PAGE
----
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Santa Monica Urges Voluntary Water Reductions

Santa Monica Real Estate Company, Roque and Mark

Harding Larmore Kutcher & Kozal, LLP  law firm
Harding, Larmore Kutcher & Kozal, LLP

Pacific Park, Santa Monica Pier

Santa Monica Convention and Visitors Bureau

By Jorge Casuso

Editor's note: An original version of this article said that the water reductions were mandatory. They are voluntary. The article has been updated to reflect this information.

January 31, 2014 -- Due to the ongoing drought, the City of Santa Monica is asking residents and businesses to voluntarily reduce water use by 20 percent to avoid a “water crisis” and mandatory water reductions later this year.

“With the driest year in recorded history and the second drought in five-years to be declared by the Governor, it is imperative that Santa Monica use its water supplies efficiently,” Mayor Pam O’Connor said in a statement Thursday.

 “The Governor’s call for a 20 percent reduction in water use as a response to the drought dovetails with the City’s goal for water self-sufficiency by 2020,” O’Connor said.

The City’s call came after the City Council last July signed off on a Sustainable Water Master Plan that outlines strategies that would allow Santa Monica to rely solely on its own water by 2020. (“Santa Monica on Track to Water Self-Sufficiency,” July 16, 2013)

A Water Shortage Advisory declared by the City Council in 2009 that called for voluntary conservation in response to the drought is still in effect, officials said.

“Today City Officials are asking residents and businesses to voluntarily reduce water use 20 percent from 2013 usage in an effort for the community to become water self-sufficient and avoid a drought induced water crisis and mandatory water restrictions,” City officials said in a statement issued Thursday.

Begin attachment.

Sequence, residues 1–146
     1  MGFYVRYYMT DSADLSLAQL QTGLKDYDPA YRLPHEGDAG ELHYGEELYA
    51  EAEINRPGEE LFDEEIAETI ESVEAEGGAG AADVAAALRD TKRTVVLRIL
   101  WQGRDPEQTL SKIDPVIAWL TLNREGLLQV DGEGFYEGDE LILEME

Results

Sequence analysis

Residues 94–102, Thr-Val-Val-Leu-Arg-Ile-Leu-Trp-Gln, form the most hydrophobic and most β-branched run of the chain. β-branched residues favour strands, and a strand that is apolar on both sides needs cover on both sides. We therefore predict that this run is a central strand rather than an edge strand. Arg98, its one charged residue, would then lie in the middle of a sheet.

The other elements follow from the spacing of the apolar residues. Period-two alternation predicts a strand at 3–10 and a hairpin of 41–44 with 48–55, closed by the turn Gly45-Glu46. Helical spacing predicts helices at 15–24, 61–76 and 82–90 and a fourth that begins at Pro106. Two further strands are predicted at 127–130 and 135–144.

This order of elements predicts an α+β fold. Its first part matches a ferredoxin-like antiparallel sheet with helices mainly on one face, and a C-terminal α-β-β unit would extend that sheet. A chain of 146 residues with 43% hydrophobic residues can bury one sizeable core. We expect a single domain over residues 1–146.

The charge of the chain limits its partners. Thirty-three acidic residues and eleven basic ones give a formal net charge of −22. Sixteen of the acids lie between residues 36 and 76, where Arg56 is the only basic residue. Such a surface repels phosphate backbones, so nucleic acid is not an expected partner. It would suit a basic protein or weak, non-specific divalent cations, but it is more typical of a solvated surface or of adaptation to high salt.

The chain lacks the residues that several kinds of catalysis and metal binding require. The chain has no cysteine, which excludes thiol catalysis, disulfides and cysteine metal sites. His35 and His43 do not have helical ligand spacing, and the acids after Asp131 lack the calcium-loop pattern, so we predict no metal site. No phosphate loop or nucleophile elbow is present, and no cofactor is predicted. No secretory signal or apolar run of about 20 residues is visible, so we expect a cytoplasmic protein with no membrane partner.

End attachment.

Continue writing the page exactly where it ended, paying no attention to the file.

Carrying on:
Currently, the City’s modern groundwater treatment facilities meet more than 70 percent of the Santa Monica’s water needs, with the balance made up by imported water, officials said

The Sustainable Water Master Plan, which the City Council has signed off on, outlines water-saving measures and maximizes the use of local groundwater, stormwater and recycled water.

“Water self-sufficiency,” O’Connor said, “means eliminating our reliance on imported water, using our limited local groundwater wisely and efficiently, and optimally managing our local water supply.”

The City could implement its Stage 1 Water Shortage if the drought persists into the summer, businesses and residents fail to reduce water usage and/or MWD restricts its supplies.

Under Stage 1 each water customer, including residents and businesses, “would be allocated a certain amount of water during the billing period adjusted for seasonal variations and a penalty would be assessed for water use exceeding the allocation,” officials said.

Businesses would be allocated 95 percent of their previous year’s average water usage, officials said.

Although MWD expects to meet demands in 2014, the agency is “encouraging customers to use water wisely and efficiently and for cities like Santa Monica to develop additional local water supplies,” Santa Monica officials said.

Many Santa Monica residents and businesses already are reducing their water use, officials said. Last year, more than 400 rebates were provided for water savings products with an estimated 3 million gallons of water savings.

Rebates are available for taking measures that include “installing sustainable landscaping, water-saving drip irrigation and sprinklers, rain barrels, cisterns, toilets and urinals.

Larger rebates are available to businesses, including fitness centers, laundromats, and public agencies.

The three most effective ways to save water are fixing leaks and running toilets, cutting back on watering gardens and replacing old toilets with new, more efficient models.

For more details about rebates and saving water visit www.sustainablesm.org/water or call (310) 458-8459.


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